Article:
I am very, very impressed by Bone Gap. With a lyrical, enchanting writing style and eccentric, complex characters that I know will stay with me for a long time, Bone Gap is a unique story I absolutely loved. It's so weird and different that I don't even know how to explain it; you'll just have to experience the weirdness yourself. I can see how this book isn't everyone's cup of tea, considering how confusing it is at times, but it's a must-read for any fans of magical realism - or anyone who enjoys lyrical writing and unique characters, really.

Tuesday, March 03, 2015

Review: We Can Work It Out (The Lonely Hearts Club #2) by Elizabeth Eulberg

Title: We Can Work It Out (The Lonely Hearts Club #2)
Author: Elizabeth Eulberg
Publisher: Scholastic
Release date: January 27th 2015
Pages: 320
Genre: Contemporary YA; romance
Source: Bought
Add to Goodreads | Purchase from Amazon
When Penny Lane started The Lonely Hearts Club, the goal was simple: to show that girls didn’t need to define themselves by how guys looked at them, and didn’t have to value boyfriends over everything else. Penny thought she’d be an outcast for life . . . but then the club became far more popular than she ever imagined it would be.
But what happens when the girl who never thought she’d date a good guy suddenly finds herself dating a great one? She doesn’t need a boyfriend . . . but she wants it to work out with this particular boyfriend. And he wants it to work it out with her.
Only, things keep getting in the way. Feelings keep getting hurt. Words keep getting misunderstood.
Penny Lane worked hard to declare her independence. Now she needs to figure out what to do with it -- and how to balance what she wants with what everyone else wants.
My rating: 3 out of 5 stars

I really don't know how to write this review. I didn't love We Can Work It Out, but I don't think I can really blame the book for that. I really loved The Lonely Hearts Club when I first read it, but that was four years ago, and I think I've just grown up too much to enjoy the sequel as much. We Can Work It Out isn't any worse than The Lonely Hearts Club - they're really similar - but it just didn't work for me as well this time.

In The Lonely Hearts Club, I really liked Penny Lane and related to her a lot. But in the sequel, to be honest, I found all of her drama kind of exasperating. Not because she's more dramatic than she was in the first book; I just got more annoyed with it this time because I didn't relate to it as much anymore. The whole novel focuses on Penny Lane trying to balance her relationship with her dedication to the Club, but considering both are very understanding and she's really the only one putting all this pressure on her, I really just wanted her to calm down, and I didn't like her as much this time. The secondary characters are still pretty good, though; I really liked Ryan, who seems to be the voice of reason in all of this; the other members of the club; and Penny Lane's parents, even though their whole Beatles obsession is kind of exaggerated.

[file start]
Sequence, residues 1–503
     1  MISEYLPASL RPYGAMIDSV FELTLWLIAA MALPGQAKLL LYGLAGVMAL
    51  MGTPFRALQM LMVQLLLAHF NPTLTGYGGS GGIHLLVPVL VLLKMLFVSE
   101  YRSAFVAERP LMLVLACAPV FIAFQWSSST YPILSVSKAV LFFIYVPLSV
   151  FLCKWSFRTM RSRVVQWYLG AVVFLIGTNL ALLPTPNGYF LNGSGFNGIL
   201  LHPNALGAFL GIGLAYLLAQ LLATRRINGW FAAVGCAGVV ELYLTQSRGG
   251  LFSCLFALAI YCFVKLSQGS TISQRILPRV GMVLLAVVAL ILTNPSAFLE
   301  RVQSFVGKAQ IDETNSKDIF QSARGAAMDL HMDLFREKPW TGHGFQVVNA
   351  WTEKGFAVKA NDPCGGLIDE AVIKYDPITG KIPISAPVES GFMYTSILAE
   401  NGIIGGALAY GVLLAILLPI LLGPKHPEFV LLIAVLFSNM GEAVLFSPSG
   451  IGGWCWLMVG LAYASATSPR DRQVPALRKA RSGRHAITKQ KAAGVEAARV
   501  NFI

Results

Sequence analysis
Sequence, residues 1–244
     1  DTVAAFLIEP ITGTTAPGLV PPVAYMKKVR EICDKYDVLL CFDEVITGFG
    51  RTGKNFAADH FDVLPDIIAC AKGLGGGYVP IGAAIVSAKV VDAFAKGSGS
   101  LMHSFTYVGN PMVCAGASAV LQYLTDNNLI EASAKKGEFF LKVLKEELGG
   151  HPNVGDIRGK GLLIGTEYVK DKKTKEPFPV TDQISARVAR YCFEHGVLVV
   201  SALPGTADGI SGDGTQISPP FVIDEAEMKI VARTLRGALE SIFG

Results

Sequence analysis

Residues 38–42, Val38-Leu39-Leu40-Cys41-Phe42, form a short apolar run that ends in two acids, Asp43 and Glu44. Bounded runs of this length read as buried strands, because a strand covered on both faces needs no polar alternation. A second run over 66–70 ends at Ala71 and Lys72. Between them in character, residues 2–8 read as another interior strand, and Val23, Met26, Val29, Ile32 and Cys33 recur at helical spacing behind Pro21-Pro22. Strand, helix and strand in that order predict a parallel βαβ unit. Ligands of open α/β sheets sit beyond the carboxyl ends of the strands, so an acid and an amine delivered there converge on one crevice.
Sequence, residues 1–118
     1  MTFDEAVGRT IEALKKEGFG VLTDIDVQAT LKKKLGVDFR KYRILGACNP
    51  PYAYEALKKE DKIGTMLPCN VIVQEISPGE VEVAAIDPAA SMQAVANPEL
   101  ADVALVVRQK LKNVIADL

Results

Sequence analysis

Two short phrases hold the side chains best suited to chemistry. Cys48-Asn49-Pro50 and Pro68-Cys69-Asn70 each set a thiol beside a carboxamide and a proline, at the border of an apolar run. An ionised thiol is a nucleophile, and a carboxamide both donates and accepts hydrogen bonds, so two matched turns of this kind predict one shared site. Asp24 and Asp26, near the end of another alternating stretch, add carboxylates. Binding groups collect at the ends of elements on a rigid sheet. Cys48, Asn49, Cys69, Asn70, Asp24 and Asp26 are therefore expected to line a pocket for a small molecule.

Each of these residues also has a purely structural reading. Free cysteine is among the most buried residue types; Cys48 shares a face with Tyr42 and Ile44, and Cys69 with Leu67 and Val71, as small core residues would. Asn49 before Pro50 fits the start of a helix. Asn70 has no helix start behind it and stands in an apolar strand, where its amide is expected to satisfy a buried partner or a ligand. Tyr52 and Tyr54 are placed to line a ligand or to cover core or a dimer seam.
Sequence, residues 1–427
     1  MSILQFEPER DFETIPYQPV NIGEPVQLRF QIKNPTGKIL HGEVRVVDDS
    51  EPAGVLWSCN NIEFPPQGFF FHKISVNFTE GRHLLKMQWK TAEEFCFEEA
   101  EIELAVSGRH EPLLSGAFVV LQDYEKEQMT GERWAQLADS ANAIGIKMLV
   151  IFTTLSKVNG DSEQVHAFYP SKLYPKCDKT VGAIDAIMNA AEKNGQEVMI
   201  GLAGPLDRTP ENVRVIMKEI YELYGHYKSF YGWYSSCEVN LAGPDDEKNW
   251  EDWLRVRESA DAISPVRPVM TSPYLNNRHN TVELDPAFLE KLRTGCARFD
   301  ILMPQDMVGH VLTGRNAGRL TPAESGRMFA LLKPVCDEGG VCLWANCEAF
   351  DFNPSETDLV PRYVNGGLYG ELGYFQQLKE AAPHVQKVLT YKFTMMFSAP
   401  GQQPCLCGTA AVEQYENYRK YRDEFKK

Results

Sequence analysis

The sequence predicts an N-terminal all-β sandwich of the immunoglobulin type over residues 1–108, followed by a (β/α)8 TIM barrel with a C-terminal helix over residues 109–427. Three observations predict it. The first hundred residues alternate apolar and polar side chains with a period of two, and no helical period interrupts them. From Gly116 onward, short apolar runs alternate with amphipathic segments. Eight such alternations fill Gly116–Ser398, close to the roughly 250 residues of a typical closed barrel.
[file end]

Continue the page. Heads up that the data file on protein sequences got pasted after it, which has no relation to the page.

Considering Penny Lane's struggle to balance these things is basically the main plot and I was annoyed with this drama, the plot didn't really do much for me this time. I still love the idea of the club, but the whole thing is kind of exaggerated, which made it a little cheesy this time around. Some of the secondary storylines were interesting, though; I really liked everything relating to Bruce, the new exchange student, and to Ryan's problems aside from Penny Lane, with Todd and his family. And even if the way it was transmitted was too melodramatic for me, I do still really love the message of girl power, balanced with the new message that includes all people.

I don't really know what else to say about We Can Work It Out. It didn't really work for me because I was kind of annoyed by all the cheesiness and melodrama. But it's still a good sequel; it's exactly what I expected and has all the same qualities as the first book. So if you think you would enjoy The Lonely Hearts Club if you read it again today, you will definitely We Can Work It Out, even if it wasn't for me.

Sunday, March 01, 2015

New Releases March 2015

New releases:

Bone Gap by Laura Ruby: March 3rd
Vanishing Girls by Lauren Oliver: March 3rd

Not Otherwise Specified by Hannah Moskowitz: March 3rd
Little Peach by Peggy Kern: March 10th

The Brilliant Light of Amber Sunrise by Matthew Crow: March 10th
Everything That Makes You by Moriah McStay: March 17th

Hold Me Closer: The Tiny Cooper Story by David Levithan: March 17th
Under a Painted Sky by Stacey Lee: March 17th

The Wrong Side of Right by Jenn Marie Thorne: March 17th
The Walls Around Us by Nova Ren Suma: March 24th

Liars, Inc. by Paula Stokes: March 24th
Solitaire by Alice Oseman: March 30th

We All Looked Up by Tommy Wallach: March 31st
The Start of Me and You by Emery Lord: March 31st

New in paperback:

The Summer I Found You by Jolene Perry: March 1st
The Geography of You and Me by Jennifer E. Smith: March 3rd

Open Road Summer by Emery Lord: March 3rd
This Side of Salvation by Jeri Smith-Ready: March 17th

The Promise of Amazing by Robin Constantine: March 24th